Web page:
The publication of HMRC’s “Transfer Pricing and Diverted Profits Tax statistics 2021 to 2022” makes for interesting reading when considering trends in recent years. Sarah Howarth, Senior Tax Manager, summarises some key observations.
The number of transfer pricing enquiries continues to increase, with 175 cases settled in 2021/22.
It is notable that HMRC is relatively well staffed in this area, with just under 400 FTEs involved in investigating international issues. This is perhaps not surprising as, by its nature, transfer pricing type-matters often hinge on judgment, making them inherently higher risk from a loss of tax perspective. Equally, the additional tax revenues to be secured are potentially significant, particularly where the largest multinational enterprises (”MNEs”) are involved.
HMRC continue to offer taxpayers the opportunity to agree pricing in advance – by way of an advance pricing agreement (“APA”), or an advance thin capitalisation agreement (“ATCA”) for financing arrangements between related parties.
The time (and expense) involved in securing an APA means they continue to be a realistic option for only the largest taxpayers (for 2021/22, 20 APAs were agreed during the year after an average 58.3 months of negotiation).
The number of ATCAs agreed has decreased rapidly since 2016-2017 to only 7 in 2021/22. This reduction is clearly linked to the introduction of the corporate interest restriction (“CIR”) in 2017. The CIR rules provide a mechanical method for establishing interest disallowance, which for some taxpayers will result in a higher interest disallowance than under thin capitalisation provisions. Pursuing an ATCA is, therefore, now of either no or limited benefit.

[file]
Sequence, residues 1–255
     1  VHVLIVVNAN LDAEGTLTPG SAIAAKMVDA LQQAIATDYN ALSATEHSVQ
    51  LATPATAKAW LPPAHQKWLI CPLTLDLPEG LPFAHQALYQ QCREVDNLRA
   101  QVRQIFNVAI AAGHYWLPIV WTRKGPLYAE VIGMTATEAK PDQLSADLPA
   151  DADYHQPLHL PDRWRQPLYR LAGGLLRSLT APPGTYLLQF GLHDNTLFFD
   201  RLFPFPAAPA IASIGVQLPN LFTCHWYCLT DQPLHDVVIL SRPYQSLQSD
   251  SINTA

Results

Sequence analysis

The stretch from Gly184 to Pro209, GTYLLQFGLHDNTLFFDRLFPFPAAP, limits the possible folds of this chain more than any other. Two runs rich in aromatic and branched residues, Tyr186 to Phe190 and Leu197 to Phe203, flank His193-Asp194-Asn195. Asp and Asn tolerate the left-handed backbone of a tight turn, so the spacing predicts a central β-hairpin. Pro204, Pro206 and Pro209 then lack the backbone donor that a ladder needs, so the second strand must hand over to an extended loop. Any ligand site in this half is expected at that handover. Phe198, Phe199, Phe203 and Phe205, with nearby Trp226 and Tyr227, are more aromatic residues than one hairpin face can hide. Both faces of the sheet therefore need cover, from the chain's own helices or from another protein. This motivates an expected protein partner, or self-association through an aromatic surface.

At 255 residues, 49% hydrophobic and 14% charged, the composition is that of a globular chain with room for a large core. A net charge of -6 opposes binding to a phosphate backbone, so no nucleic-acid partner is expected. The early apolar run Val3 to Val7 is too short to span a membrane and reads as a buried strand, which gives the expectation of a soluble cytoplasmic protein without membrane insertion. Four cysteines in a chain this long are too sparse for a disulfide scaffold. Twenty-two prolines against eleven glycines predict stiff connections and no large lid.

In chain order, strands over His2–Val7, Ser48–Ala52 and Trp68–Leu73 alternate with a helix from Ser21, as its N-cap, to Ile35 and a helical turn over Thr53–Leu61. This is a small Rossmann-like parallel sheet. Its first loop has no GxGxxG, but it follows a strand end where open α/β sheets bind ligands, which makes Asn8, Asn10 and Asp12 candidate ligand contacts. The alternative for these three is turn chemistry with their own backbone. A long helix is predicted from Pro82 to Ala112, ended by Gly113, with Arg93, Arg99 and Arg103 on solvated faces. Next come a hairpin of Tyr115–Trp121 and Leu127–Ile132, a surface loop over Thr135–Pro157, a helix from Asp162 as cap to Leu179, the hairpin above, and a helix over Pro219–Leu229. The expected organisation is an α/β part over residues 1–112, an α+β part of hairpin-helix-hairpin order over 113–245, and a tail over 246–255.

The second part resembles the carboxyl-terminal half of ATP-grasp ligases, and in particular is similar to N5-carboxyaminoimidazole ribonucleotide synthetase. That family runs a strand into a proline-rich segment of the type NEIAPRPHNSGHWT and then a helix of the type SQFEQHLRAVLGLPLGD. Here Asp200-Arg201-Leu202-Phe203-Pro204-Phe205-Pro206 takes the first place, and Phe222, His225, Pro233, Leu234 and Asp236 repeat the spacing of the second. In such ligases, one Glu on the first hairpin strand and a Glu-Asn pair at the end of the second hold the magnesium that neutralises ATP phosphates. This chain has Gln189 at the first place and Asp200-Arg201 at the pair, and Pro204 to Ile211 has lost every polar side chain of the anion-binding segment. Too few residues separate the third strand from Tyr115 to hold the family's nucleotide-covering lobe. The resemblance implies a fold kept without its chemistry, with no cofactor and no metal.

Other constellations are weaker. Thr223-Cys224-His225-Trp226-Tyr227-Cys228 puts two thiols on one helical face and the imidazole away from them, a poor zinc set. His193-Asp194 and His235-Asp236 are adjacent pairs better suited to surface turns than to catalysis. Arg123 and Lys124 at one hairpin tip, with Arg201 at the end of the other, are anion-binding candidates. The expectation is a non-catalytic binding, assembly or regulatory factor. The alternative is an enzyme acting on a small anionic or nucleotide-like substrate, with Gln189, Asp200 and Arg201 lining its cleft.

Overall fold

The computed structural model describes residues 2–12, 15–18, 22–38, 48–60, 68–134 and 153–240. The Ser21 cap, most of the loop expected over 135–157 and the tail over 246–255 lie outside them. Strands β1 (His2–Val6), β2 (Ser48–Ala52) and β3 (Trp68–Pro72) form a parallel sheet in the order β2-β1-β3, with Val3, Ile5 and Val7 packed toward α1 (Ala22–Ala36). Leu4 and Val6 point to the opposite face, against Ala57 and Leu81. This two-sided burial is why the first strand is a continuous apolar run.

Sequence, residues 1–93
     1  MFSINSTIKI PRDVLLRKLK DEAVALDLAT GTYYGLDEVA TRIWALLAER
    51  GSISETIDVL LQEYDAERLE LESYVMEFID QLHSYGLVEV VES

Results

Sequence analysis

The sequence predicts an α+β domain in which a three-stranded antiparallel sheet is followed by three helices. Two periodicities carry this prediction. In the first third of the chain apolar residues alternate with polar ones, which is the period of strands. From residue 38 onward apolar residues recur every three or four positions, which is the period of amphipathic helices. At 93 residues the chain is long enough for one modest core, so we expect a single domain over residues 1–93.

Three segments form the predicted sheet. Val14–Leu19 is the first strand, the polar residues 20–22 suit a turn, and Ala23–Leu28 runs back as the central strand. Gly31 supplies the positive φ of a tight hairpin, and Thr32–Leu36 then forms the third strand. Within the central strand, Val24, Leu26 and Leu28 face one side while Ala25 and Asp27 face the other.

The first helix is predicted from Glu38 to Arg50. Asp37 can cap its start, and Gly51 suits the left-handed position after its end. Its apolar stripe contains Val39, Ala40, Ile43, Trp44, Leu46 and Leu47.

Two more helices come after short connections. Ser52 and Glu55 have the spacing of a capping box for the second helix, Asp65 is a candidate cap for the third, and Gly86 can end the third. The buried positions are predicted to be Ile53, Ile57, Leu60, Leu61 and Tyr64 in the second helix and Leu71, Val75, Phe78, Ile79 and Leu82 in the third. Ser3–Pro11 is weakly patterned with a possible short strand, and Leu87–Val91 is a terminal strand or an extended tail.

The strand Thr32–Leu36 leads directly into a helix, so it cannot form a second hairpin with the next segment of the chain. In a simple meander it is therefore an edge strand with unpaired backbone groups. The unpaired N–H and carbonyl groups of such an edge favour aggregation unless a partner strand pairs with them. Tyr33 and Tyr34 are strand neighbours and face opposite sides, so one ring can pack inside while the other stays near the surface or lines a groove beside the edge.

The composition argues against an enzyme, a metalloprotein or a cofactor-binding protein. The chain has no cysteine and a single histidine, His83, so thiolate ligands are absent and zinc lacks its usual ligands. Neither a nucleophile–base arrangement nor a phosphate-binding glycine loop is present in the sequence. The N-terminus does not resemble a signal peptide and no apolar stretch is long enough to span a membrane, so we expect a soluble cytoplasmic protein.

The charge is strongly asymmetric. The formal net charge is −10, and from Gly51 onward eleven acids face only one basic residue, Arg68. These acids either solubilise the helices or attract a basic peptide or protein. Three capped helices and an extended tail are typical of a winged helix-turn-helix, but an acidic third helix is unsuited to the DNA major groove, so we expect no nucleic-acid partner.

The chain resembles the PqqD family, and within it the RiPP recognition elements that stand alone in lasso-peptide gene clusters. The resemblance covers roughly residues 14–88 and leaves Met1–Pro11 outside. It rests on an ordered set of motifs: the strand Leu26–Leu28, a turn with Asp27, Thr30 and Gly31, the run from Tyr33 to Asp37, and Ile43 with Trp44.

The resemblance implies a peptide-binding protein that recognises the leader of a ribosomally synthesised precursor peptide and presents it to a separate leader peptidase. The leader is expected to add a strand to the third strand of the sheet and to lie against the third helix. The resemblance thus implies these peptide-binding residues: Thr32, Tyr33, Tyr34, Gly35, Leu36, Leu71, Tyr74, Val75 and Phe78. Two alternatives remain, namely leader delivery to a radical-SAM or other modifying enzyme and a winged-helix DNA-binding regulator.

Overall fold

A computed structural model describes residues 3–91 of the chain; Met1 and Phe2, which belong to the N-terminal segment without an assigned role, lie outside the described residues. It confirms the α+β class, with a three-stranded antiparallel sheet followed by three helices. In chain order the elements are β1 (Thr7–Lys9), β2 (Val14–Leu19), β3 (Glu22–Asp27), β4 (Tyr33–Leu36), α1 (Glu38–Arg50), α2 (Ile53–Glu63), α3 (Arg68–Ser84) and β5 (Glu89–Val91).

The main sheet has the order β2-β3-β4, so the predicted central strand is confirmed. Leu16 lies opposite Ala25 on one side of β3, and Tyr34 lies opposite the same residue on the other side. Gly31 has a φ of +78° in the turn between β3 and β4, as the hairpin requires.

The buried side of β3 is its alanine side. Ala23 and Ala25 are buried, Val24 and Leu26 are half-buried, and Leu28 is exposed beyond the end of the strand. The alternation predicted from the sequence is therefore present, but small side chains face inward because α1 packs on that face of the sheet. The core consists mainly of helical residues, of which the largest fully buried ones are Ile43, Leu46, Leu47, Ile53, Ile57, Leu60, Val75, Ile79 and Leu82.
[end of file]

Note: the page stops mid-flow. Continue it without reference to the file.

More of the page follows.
Alternative Resolution Procedures:
Encouragingly, an increasing number of international cases are being resolved under Mutual Agreement Procedures (“MAP”) (a feature in more and more double tax treaties), and in a reduced period of time. In 2021/22, 131 cases were resolved in an average time of just under two years.
Taxpayers also potentially have access to timely resolution of international issues under HMRC’s Profit Diversion Compliance Facility (“PDCF”), which was launched in January 2019.
Under the PDCF, taxpayers who have concerns they may have shortcomings in their UK tax compliance, in so far as it concerns cross border matters, may request access to the facility.
The advantages of this are:
- An accelerated process,
- Potentially lower penalties, and
- A degree of security against future enquiry.
Diverted Profits Tax (“DPT”):
Since its introduction in 2015, the DPT has secured the Treasury in total over £8bn, though receipts notably declined in 2021/22. It will be interesting to observe whether now the most aggressive arrangements have been unwound, and DPT is factored into planning, whether this quantum of income will be sustained.
HMRC continue to dedicate significant resource to tackling non-compliance with regard to cross border activities. While certain “fast track” routes are now available, resolving a dispute with HMRC is a lengthy and costly exercise. Companies with any kind of international operations should consider whether their UK tax compliance in this area is “up to scratch”, as prevention is almost always better (and less costly) than cure.
Price Bailey has a team of international tax specialists who would be happy to discuss your business’s particular facts and circumstances.
We always recommend that you seek advice from a suitably qualified adviser before taking any action. The information in this article only serves as a guide and no responsibility for loss occasioned by any person acting or refraining from action as a result of this material can be accepted by the authors or the firm.
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